Drawing on qualitative panel data collected in a poor township on the edge of Cape Town, this paper provides a fine-grained analysis of the residential decision-making of five HIV positive women and some of their children. HIV status and illness are found to add to the pressures exerted by income and asset poverty in ways that further incline women to seek residential security for themselves and their children. The presence of HIV intensifies the mental health implications of pre-existing socio-economic burdens and efforts to respond to these. Much of the resultant mobility cannot therefore be considered AIDS specific. At the same time, being HIV positive and unwell (or anticipating illhealth) prompts women to organise particular domestic arrangements for themselves and their children. Previously non-resident children are moved from distant relatives to join the urban household, incurring financial and social strain on the domestic group and on infected women in particular. Infected mothers want to live with all their children so that they can nurture them, have opportunity to disclose and familiarise their children with the everyday implications of being positive and on treatment, and to ensure they have the skills to survive on their own should they themselves die. Such moves can be made without raising suspicion of HIV within the family because there is a wellestablished pattern of moving teenagers from the Eastern Cape to schools in Masiphumelele for reasons of improving education.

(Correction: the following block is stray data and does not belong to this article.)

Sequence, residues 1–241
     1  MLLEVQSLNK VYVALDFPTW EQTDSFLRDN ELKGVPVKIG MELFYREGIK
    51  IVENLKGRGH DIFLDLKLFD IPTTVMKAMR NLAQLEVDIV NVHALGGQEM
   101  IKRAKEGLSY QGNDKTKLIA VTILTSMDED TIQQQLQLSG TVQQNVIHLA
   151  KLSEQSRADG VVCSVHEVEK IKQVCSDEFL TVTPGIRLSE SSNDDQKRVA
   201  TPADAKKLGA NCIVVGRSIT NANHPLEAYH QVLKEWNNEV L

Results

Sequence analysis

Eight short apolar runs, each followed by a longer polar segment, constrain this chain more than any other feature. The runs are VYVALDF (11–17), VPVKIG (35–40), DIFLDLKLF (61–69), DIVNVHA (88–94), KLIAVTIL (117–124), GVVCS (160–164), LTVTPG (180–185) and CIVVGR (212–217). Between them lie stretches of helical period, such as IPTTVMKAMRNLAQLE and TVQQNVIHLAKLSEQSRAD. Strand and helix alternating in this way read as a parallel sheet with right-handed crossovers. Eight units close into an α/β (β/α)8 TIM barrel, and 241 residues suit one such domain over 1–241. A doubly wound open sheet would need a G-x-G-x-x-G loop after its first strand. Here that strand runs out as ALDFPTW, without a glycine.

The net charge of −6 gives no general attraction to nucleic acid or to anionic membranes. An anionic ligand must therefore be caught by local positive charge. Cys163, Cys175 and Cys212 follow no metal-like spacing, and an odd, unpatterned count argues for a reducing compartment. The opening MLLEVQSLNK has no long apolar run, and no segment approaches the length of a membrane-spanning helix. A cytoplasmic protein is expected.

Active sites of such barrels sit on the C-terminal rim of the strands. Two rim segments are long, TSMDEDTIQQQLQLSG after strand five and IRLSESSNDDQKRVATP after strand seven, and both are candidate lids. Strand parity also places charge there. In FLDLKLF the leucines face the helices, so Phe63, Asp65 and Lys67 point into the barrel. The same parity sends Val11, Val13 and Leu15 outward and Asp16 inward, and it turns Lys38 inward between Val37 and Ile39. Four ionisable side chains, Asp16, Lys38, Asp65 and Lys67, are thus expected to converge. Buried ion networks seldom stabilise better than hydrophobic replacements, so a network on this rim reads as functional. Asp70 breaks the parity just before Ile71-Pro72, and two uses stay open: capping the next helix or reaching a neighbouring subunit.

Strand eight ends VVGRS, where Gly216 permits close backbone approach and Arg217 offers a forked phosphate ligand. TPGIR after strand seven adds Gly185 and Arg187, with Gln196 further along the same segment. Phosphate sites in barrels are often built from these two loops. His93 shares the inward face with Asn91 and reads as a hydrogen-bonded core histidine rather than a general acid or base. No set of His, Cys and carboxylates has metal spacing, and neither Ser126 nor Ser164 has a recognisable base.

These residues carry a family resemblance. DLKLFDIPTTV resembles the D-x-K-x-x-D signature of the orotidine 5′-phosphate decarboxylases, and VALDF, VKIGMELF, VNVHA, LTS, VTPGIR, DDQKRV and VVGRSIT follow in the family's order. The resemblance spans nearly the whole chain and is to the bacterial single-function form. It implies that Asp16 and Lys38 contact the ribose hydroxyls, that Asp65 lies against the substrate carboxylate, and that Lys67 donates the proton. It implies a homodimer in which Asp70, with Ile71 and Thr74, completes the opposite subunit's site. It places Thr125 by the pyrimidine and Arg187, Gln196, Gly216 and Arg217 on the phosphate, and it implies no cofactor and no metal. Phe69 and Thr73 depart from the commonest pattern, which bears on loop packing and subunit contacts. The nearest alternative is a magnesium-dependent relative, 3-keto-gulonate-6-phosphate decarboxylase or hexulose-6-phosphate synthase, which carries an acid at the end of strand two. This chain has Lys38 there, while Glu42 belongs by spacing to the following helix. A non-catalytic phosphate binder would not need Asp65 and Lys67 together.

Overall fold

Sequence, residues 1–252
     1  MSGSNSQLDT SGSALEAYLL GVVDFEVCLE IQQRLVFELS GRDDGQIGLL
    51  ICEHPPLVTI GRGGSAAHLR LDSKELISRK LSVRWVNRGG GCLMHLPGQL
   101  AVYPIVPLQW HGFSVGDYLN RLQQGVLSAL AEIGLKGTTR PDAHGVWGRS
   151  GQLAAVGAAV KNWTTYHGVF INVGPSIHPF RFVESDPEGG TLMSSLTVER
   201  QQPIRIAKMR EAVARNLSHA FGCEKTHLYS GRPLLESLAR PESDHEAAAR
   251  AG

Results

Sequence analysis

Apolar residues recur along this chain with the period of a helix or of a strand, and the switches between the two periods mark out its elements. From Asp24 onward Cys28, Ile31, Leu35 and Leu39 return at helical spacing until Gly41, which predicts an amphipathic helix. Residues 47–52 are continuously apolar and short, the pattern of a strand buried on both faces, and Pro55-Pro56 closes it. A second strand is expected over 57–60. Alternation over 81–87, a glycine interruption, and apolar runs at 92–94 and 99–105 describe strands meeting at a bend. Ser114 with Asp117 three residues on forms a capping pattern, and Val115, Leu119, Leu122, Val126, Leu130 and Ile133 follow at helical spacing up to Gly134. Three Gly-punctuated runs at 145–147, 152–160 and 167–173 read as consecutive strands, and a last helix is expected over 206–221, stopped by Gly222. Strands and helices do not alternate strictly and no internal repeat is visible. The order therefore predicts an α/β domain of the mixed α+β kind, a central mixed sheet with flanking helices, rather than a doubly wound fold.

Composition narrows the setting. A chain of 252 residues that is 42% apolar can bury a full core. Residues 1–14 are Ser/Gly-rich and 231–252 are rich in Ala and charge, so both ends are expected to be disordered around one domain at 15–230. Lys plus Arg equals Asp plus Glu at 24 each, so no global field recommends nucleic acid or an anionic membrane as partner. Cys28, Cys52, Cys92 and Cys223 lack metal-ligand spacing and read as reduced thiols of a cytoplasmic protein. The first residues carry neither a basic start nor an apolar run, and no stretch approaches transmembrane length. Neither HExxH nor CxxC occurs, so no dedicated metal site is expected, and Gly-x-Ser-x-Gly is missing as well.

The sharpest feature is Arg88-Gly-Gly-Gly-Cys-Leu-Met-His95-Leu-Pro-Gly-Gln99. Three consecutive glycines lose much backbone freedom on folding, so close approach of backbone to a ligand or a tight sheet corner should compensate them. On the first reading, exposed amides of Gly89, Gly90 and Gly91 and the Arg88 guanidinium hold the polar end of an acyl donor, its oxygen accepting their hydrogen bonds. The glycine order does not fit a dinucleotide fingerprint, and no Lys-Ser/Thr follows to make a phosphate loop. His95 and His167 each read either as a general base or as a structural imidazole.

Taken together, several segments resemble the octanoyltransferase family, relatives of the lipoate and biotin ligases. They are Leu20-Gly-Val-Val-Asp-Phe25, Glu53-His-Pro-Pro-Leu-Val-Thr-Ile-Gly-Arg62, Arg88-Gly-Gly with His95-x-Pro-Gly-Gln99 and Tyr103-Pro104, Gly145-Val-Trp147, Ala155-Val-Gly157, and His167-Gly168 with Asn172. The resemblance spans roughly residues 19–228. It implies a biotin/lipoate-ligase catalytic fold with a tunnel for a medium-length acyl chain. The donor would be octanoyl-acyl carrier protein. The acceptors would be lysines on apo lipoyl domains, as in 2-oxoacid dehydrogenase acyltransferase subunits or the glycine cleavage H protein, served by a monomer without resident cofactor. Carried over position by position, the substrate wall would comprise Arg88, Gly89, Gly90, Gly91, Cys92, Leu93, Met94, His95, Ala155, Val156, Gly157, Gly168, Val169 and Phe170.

Other factors that act alongside, and often in relation to, women's HIV status in shaping their residential decision-making include the nature and structure of related rural and urban households, point in the domestic developm
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